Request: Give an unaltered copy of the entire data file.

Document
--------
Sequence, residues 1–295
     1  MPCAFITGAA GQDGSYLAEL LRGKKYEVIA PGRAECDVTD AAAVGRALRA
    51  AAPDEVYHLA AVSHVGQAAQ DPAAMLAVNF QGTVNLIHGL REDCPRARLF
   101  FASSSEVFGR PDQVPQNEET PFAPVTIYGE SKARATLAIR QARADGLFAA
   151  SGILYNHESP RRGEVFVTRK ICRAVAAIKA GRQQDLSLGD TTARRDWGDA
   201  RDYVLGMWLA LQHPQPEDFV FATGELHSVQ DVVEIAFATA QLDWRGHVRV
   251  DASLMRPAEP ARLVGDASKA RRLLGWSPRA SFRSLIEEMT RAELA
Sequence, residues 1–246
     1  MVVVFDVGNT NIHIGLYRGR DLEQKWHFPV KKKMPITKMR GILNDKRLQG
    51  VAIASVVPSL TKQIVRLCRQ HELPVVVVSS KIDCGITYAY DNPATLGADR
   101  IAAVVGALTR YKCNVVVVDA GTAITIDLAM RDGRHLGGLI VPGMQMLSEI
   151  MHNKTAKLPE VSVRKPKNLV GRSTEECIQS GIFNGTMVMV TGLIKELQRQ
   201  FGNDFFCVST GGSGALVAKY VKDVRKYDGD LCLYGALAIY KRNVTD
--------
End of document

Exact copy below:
Sequence, residues 1–295
     1  MPCAFITGAA GQDGSYLAEL LRGKKYEVIA PGRAECDVTD AAAVGRALRA
    51  AAPDEVYHLA AVSHVGQAAQ DPAAMLAVNF QGTVNLIHGL REDCPRARLF
   101  FASSSEVFGR PDQVPQNEET PFAPVTIYGE SKARATLAIR QARADGLFAA
   151  SGILYNHESP RRGEVFVTRK ICRAVAAIKA GRQQDLSLGD TTARRDWGDA
   201  RDYVLGMWLA LQHPQPEDFV FATGELHSVQ DVVEIAFATA QLDWRGHVRV
   251  DASLMRPAEP ARLVGDASKA RRLLGWSPRA SFRSLIEEMT RAELA
Sequence, residues 1–246
     1  MVVVFDVGNT NIHIGLYRGR DLEQKWHFPV KKKMPITKMR GILNDKRLQG
    51  VAIASVVPSL TKQIVRLCRQ HELPVVVVSS KIDCGITYAY DNPATLGADR
   101  IAAVVGALTR YKCNVVVVDA GTAITIDLAM RDGRHLGGLI VPGMQMLSEI
   151  MHNKTAKLPE VSVRKPKNLV GRSTEECIQS GIFNGTMVMV TGLIKELQRQ
   201  FGNDFFCVST GGSGALVAKY VKDVRKYDGD LCLYGALAIY KRNVTD